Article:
On the first question, *Fantasyland 2.0. to be exact. Remember, Magic Kingdom was more than just movie & tv stories & character themed rides.. it used to be a tribute to all of classic Americana.
 
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John park hopper

Well-Known Member
I'd ask Bob
1. Who do you value more guests or stockholders?
2. If guests how do you justify the never ending price increases and charging for what was once a WDW benefit
3. The parks used to be spotless, the parks are filthy -why have you cut cleaning staff well all staff in general?
Have many more questions than just 3
I'd like Bob hooked up to a lie detector when answering everyones questions. Can't say I trust him to give an honest answer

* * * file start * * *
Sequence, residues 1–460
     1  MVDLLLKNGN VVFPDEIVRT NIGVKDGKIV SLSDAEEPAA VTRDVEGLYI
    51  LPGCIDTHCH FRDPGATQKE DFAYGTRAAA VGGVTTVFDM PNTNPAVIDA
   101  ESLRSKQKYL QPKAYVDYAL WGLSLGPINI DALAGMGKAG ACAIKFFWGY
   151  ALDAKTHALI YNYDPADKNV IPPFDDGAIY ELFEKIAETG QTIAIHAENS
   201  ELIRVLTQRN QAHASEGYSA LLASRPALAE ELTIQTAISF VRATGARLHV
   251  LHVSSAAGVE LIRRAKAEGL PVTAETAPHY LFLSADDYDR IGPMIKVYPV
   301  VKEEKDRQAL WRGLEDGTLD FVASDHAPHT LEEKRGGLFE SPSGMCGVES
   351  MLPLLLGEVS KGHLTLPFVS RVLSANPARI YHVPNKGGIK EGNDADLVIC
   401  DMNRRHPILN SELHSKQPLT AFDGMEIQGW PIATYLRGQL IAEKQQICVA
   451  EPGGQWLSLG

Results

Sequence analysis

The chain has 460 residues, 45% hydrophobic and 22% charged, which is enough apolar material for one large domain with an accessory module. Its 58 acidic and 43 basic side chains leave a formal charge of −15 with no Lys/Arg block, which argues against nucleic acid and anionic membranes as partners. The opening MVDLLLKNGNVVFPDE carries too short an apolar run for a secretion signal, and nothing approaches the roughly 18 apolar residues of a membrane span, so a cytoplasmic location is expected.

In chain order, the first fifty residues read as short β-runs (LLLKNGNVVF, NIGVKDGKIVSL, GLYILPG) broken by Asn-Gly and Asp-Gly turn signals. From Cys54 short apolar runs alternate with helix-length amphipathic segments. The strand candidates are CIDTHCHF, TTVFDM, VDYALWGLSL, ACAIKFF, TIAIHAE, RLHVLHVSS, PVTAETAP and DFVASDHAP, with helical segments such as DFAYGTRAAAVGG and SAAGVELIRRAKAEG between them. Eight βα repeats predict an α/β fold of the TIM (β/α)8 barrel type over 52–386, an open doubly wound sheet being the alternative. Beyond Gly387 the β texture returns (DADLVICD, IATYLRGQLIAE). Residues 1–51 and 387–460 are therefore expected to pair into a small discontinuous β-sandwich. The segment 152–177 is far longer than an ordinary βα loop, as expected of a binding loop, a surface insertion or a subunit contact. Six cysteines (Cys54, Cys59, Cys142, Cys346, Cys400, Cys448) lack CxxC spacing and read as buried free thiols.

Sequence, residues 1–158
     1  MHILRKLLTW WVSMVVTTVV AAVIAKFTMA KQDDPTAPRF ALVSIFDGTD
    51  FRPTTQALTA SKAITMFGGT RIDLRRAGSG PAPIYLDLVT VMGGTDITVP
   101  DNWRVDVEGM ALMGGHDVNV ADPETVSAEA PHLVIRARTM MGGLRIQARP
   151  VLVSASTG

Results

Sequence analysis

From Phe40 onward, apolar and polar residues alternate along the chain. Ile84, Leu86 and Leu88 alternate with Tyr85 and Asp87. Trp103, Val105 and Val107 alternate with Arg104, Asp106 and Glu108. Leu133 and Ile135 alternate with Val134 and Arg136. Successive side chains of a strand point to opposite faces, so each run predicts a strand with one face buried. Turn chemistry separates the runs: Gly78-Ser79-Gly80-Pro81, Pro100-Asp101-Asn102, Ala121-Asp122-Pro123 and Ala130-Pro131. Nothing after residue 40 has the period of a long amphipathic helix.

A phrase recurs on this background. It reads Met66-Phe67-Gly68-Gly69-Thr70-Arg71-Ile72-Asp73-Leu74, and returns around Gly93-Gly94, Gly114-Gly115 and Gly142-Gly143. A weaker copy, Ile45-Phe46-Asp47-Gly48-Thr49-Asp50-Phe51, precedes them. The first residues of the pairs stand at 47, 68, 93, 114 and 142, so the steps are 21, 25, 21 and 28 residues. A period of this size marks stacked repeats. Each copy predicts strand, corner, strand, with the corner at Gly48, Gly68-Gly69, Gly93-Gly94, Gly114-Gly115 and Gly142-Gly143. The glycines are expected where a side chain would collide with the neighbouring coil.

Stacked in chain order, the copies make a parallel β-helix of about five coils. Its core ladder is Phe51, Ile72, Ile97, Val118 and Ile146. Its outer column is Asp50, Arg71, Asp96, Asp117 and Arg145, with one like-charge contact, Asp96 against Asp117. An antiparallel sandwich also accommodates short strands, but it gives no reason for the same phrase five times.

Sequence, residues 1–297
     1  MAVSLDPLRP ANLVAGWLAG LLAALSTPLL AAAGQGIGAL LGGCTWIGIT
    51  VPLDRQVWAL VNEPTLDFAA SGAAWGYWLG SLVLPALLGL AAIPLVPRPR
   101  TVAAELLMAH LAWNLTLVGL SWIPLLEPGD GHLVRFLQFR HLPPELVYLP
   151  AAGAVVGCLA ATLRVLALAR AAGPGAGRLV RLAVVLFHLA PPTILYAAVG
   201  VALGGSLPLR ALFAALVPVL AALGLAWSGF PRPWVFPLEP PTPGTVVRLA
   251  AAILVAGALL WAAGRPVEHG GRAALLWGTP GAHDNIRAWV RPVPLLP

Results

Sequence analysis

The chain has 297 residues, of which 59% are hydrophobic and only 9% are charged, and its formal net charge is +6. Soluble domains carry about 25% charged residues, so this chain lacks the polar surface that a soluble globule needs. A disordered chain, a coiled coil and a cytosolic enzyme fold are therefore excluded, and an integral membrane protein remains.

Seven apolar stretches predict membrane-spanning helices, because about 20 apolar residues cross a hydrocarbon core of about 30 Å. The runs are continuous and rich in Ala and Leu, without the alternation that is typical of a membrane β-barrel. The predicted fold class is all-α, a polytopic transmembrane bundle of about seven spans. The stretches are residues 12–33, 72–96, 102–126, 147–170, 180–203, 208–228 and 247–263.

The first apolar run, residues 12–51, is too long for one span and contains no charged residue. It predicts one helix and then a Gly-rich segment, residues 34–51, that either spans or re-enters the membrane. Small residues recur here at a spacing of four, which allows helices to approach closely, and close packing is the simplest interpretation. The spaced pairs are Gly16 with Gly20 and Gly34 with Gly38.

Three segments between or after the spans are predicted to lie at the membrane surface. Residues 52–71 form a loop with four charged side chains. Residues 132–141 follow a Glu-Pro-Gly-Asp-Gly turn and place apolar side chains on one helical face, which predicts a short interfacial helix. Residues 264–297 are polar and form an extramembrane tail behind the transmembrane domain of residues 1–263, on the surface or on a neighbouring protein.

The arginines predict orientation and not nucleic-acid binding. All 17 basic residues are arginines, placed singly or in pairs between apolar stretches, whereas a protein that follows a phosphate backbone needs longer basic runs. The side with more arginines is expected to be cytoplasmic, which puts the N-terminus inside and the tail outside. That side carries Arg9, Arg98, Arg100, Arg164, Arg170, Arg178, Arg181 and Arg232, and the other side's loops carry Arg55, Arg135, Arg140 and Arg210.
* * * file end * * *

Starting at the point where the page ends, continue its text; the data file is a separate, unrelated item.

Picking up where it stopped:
Smiley/OCD

Well-Known Member
I'd ask Bob
1. Who do you value more guests or stockholders?
2. If guests how do you justify the never ending price increases and charging for what was once a WDW benefit
3. The parks used to be spotless, the parks are filthy -why have you cut cleaning staff well all staff in general?
Have many more questions than just 3
I'd like Bob hooked up to a lie detector when answering everyones questions. Can't say I trust him to give an honest answer
Your first 2 points were spot on, the last one, I have a problem with. My wife and I have been there 4 times in the past 3 years…three times in December (including this past December) and in May 2021.
I don’t know if we’re going in the “clean” time of the year or what you’re finding filthy, but the parks and Boardwalk/Beach Club were clean and orderly. The ONLY restroom that was messy was the one across from Dinosaur in AK and there was a cleaning CM inside sweeping up and wiping down the sinks. As a matter of fact, there were CM’s near or in a majority of the restrooms (especially the busier ones). I’d really like someone who’s there to provide date stamped photos, not stock pix from Google. I’m NOT a pixie duster by a long shot, but the parks were clean the times we were there. I live 20 minutes from Six Flags in NJ…trust me, there’s NO comparison.